‘Lucy in the sky with diamonds’: Nasa's spacecraft on 12-year cruise to Trojan asteroids near Jupiter
In what comes as some exciting news for asteroid aficionados, the National Aeronautics and Space Administration (Nasa) is set to launch a spacecraft named ‘Lucy’ today on a 12-year cruise to swarms of Trojan asteroids near Jupiter – unexplored time capsules from the dawn of the solar system, that are thought to be remnants of the primordial material that formed the outer planets. Nasa is targeting the predawn hours of Saturday for liftoff, reported the Associated Press, adding that there will be diamonds in the sky with Lucy, one of its science instruments, as well as lyrics from other Beatles' songs.
What are Trojan asteroids?
In astronomical lingo, a trojan is a small celestial body (most of these are asteroids) that shares the orbit of a larger one (usually those of planets or of large moons). The Jupiter trojans, commonly called Trojan asteroids or simply ‘Trojans’, are the swarm of asteroids that share the planet Jupiter's orbit around the Sun. By convention, they are each named from Greek mythology after a figure of the Trojan War, hence the name "Trojan".
According to the most recent findings, there are as many as 9,800 Jupiter trojans orbiting around the planet and scientists believe that many more may still be waiting to be discovered.
Why are Jupiter trojans important?
Jupiter trojans are thought to have been captured into their orbits during the early stages of the solar system's formation or slightly later, during the migration of giant planets. Proper analysis of these celestial bodies is likely to reveal hitherto unknown facts about the origin and evolution of the solar system and even the universe.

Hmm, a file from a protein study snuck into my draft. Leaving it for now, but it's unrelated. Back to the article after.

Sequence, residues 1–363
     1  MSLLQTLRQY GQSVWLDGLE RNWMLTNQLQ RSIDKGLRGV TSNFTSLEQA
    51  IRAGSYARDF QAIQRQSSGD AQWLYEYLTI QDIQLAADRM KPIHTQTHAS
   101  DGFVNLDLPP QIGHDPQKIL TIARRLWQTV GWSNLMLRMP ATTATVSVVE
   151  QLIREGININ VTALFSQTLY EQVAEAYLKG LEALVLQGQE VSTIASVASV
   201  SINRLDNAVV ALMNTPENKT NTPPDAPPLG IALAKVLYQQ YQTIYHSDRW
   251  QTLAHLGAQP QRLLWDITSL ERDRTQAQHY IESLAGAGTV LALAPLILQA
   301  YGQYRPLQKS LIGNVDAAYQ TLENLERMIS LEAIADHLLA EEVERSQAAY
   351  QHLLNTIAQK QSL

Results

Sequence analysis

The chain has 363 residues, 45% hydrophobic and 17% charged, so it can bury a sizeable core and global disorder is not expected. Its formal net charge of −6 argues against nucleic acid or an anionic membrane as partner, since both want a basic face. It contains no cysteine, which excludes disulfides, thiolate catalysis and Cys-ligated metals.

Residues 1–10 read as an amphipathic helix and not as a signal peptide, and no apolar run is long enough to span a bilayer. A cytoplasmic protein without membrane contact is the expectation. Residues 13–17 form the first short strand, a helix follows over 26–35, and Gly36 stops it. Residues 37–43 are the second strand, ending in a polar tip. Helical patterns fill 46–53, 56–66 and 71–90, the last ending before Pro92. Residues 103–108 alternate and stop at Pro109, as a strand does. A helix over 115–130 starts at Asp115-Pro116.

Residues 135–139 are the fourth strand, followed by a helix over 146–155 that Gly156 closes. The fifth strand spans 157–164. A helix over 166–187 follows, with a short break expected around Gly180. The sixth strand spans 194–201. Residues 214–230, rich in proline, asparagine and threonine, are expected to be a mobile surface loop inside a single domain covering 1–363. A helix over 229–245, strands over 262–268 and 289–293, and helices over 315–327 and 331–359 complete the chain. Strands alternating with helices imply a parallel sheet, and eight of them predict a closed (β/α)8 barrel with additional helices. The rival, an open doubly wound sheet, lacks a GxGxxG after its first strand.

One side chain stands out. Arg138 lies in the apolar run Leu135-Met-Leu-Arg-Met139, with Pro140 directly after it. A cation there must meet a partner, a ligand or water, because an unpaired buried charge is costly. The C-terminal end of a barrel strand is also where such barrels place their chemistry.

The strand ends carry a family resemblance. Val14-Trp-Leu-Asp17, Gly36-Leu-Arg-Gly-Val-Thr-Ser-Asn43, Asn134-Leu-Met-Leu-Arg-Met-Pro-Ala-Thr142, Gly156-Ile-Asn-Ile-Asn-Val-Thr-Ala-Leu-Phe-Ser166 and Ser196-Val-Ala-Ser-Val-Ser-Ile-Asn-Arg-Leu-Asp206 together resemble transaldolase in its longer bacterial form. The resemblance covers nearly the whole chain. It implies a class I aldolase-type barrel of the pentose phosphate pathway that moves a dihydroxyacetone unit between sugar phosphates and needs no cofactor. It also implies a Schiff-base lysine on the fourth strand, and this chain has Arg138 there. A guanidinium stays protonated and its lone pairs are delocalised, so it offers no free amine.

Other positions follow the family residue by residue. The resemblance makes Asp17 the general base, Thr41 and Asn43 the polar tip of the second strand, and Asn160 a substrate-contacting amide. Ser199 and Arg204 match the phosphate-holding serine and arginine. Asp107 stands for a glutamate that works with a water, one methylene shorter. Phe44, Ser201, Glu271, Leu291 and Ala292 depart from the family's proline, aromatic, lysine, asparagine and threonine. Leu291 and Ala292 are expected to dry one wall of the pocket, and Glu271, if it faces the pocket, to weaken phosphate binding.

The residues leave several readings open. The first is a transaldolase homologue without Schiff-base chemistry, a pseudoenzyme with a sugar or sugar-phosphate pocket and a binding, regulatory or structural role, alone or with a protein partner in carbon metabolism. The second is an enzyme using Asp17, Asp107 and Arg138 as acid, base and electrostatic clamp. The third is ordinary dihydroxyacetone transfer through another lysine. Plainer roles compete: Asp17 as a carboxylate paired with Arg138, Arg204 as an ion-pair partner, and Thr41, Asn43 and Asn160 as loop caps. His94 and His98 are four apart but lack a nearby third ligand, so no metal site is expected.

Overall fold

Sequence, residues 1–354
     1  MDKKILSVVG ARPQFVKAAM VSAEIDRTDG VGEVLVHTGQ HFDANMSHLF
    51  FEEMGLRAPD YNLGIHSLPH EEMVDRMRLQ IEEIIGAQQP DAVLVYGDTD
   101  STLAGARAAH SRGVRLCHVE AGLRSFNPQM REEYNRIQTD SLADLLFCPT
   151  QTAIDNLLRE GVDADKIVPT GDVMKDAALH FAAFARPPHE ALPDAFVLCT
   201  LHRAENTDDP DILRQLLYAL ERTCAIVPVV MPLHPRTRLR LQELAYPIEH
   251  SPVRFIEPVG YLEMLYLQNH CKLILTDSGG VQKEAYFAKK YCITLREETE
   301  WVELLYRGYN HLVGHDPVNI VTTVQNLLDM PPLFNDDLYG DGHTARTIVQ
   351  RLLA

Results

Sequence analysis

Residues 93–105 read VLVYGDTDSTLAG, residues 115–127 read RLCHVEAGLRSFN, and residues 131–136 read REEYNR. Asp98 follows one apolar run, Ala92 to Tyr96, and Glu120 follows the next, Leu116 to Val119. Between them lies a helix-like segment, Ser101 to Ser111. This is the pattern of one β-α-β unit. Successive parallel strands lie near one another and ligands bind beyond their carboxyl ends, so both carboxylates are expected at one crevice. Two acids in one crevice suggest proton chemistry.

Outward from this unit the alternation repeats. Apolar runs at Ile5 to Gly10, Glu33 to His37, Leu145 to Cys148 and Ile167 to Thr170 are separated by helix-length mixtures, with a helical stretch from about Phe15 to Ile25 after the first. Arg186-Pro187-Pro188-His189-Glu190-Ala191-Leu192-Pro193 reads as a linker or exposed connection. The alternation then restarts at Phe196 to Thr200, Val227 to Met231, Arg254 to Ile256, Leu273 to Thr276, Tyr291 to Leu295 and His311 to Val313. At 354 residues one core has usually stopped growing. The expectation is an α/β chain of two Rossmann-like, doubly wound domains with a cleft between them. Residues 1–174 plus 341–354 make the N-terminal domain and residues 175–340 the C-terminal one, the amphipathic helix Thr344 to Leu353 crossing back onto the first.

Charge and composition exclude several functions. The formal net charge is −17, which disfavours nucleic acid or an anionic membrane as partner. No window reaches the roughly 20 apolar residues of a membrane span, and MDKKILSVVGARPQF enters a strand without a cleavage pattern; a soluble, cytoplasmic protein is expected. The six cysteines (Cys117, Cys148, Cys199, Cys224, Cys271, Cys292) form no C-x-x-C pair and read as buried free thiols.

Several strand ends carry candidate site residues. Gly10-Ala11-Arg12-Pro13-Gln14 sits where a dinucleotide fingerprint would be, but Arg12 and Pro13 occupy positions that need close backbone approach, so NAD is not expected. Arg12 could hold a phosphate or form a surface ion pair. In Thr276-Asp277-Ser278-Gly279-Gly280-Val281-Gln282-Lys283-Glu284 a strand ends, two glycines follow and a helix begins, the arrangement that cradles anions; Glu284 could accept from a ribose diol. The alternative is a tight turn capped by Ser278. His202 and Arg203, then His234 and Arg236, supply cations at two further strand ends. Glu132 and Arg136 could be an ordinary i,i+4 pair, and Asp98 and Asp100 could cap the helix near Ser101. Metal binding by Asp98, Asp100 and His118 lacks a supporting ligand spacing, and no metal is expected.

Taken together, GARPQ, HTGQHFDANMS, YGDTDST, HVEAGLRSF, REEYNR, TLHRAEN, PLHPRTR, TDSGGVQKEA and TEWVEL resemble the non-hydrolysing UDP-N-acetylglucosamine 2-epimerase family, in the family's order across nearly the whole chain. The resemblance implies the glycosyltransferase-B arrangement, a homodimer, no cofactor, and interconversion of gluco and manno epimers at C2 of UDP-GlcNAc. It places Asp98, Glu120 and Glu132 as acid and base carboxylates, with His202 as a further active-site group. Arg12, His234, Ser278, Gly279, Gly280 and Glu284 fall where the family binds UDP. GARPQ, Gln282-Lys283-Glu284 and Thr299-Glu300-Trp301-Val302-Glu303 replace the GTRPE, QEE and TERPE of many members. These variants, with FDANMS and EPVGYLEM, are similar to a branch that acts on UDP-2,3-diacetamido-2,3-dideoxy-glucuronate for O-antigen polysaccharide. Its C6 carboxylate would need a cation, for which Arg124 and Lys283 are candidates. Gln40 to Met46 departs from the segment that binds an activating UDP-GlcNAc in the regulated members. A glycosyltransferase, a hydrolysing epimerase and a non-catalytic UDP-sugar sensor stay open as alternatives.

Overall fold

According to Nasa, these Trojan asteroids are “time capsules” from the birth of our solar system more than four billion years ago. “These primitive bodies hold vital clues to deciphering the history of the solar system,” wrote the space agency in its brief of Lucy's mission statement.
Lucy: First mission to the Trojan asteroids
Lucy will be the first space mission to study the Jupiter trojans. The mission takes its name from the fossilised human ancestor (called “Lucy” by her discoverers) whose skeleton provided unique insight into humanity's evolution. Likewise, the Lucy mission will expectedly revolutionise our knowledge of planetary origins and the formation of the solar system.
The Lucy spacecraft, launched by Nasa, will be on a 12-year journey to eight different asteroids. These consist of, according to Nasa, a ‘main belt’ asteroid and seven trojans, four of which are members of “two-for-the-price-of-one” binary systems (a phrase used to refer to celestial bodies in a pair that orbit around a common center of gravity e.g. Pluto and its satellite, Charon). “Lucy’s complex path will take it to both clusters of Trojans and give us our first close-up view of all three major types of bodies in the swarms (so-called C-, P- and D-types),” Nasa explained.
Lucy's mission is immensely significant not only for the potential it holds to unlocking an unknown repository of knowledge about the solar system but also for the sheer fact that no other space mission in history has been launched to as many different destinations in independent orbits around our sun. “Lucy will show us, for the first time, the diversity of the primordial bodies that built the planets,” said Nasa.